Wind is already cheaper? Cite please. Of course wind doesn’t provide energy when needed, to get that kind of flexibility requires pretty expensive and inefficent storage techologies.

This may be true now, but even with current technology it won’t stay true for long. Tesla Motors (still a small player) is taking orders for $50k full electric sedan with a significantly longer range (they claim 300, I would believe at least 150). $50k is much higher than most people are willing to pay, but they are a still a custom shop. If they can start really mass producing, or if one of the big companies builds something similar, I would expect the prices to come down in a few years. I would still expect a price premium, but even with my Prius, I am spending about $1500 a year on fuel. If I could have full size sedan with lower fuel costs I would pay a premium over the $23k I paid for my Prius when next I go car shopping.

I’d like to see a cite that says wind is cheaper than coal. And not just a cite for one particular wind farm that might be located in the best wind area in the country - a cite showing that large-scale use of wind is cheaper than coal. I like wind power, but the last time I looked it still wasn’t that close.

Nonetheless, there’s a clear trend that alternatives to oil are getting cheaper, while oil is getting more expensive. At some point, the curves will cross, and then you’ll see a widespread shift to other energy sources. When exactly this happens is unpredictable - a breakthrough in alternative energy or a sudden dwindling of oil reserves could happen at almost any time, or perhaps not for fifty years.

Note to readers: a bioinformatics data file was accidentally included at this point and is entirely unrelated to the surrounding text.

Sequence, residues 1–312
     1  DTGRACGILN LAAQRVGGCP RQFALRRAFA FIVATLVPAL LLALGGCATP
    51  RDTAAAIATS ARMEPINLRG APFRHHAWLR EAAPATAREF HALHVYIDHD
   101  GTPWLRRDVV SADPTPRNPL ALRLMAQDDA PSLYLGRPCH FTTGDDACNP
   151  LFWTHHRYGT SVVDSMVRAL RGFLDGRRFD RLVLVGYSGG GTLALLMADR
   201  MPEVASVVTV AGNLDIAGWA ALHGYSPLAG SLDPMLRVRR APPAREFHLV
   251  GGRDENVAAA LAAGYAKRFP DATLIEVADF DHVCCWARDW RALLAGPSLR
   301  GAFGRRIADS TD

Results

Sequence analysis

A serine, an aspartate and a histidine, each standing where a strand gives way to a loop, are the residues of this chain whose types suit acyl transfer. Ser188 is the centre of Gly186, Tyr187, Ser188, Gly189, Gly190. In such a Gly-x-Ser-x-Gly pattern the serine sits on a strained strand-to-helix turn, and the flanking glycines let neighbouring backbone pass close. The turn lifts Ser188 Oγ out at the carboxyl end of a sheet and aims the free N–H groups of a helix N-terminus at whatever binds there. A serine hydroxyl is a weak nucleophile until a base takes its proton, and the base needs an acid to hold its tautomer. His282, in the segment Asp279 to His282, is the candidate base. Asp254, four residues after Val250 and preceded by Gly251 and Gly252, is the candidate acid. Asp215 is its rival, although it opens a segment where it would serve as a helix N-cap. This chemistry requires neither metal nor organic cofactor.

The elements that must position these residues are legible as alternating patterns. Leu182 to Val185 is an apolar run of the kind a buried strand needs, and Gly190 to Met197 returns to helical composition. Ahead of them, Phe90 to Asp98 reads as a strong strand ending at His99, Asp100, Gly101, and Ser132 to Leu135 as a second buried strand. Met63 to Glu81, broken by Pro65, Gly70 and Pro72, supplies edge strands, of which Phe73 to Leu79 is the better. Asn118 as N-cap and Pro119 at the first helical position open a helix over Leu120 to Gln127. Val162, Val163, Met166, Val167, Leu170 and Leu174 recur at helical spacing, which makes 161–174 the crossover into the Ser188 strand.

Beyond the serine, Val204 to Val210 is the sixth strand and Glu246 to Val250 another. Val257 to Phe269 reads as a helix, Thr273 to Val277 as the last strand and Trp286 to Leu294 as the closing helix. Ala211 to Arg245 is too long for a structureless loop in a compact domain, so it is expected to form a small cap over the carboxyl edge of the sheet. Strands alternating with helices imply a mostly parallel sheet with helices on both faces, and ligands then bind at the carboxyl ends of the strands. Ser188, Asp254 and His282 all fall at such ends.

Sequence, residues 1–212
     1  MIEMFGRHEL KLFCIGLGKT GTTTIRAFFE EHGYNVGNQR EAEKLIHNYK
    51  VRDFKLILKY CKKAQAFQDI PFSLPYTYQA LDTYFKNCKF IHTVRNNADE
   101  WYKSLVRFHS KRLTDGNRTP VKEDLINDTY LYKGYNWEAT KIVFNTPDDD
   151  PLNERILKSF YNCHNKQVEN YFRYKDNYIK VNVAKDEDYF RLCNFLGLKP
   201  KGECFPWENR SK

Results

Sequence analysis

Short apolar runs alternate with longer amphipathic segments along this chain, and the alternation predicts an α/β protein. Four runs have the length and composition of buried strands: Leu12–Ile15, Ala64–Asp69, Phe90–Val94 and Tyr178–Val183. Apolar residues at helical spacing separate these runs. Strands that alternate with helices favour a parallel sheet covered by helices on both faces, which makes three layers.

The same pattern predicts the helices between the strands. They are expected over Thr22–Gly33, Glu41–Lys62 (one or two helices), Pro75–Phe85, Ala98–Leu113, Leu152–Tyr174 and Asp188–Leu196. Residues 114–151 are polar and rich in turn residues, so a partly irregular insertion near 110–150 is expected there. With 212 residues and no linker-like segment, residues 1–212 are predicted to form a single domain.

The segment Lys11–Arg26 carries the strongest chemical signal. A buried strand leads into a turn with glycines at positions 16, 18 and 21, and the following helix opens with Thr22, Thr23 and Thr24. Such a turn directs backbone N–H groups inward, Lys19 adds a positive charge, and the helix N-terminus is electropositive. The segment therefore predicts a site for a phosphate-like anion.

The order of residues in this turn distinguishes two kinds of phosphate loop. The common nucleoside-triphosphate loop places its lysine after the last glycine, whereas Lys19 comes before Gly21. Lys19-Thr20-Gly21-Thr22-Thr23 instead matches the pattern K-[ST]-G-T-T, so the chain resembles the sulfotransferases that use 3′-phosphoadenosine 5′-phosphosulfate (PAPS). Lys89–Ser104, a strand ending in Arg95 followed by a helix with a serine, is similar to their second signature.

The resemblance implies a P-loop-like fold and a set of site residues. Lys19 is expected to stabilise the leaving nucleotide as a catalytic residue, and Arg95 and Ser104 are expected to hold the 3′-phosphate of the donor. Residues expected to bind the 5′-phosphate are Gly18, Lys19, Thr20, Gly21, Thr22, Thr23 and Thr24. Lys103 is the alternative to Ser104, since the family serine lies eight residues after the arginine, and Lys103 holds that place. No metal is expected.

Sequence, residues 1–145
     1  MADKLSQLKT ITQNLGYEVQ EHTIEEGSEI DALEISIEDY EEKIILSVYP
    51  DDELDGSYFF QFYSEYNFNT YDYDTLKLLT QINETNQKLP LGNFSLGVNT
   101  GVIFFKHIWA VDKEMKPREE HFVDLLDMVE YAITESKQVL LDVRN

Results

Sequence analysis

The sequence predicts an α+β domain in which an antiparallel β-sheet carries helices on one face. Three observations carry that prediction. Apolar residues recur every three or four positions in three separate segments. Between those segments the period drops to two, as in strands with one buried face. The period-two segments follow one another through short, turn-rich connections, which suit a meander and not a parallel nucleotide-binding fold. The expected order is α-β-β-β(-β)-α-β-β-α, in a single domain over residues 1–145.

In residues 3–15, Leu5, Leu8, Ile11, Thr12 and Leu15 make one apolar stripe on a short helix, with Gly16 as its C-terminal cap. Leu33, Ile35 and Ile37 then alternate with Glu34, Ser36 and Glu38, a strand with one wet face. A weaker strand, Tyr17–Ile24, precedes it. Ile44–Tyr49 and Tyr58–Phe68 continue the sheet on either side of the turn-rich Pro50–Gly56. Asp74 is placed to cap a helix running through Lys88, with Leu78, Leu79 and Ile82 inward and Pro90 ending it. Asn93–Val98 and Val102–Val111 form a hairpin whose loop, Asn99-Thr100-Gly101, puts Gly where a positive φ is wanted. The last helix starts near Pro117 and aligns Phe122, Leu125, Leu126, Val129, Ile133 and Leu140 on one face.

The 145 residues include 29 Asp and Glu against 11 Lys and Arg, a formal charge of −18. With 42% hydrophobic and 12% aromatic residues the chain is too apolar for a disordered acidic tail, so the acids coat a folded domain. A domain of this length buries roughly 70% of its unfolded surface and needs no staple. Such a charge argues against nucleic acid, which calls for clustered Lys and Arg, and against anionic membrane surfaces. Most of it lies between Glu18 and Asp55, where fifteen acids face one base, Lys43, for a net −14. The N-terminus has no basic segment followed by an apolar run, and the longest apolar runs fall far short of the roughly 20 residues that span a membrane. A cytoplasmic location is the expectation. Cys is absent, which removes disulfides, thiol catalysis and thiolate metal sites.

Plug-in hybrid would increase the fleet average fuel economy to at least 100mpg, and maybe even 200 mpg, because 80% of all trips take place within 20 miles of the vehicle’s home base. However, you’re not going to see plug-in hybrid make up more than a few percentage points of the vehicle market for at least a couple of decades.

But in terms of greenhouse gases, petroleum makes up only about 35% of our energy, and a slightly higher percentage of greenhouse gases. So even if oil use declined, it won’t have as big an effect on greenhouse gases as you’d think.

Waiting for the smooth talk and coverup when the first oil slick hits Florida shores …

Coal - around 38% of the global electricity demand. 4.8 - 5.5 Cents/kW-h
Wind - Currently supplies approximately 1.4% of the global electricity demand. Wind is considered to be about 30% reliable. 4.0 - 6.0 Cents/kW-h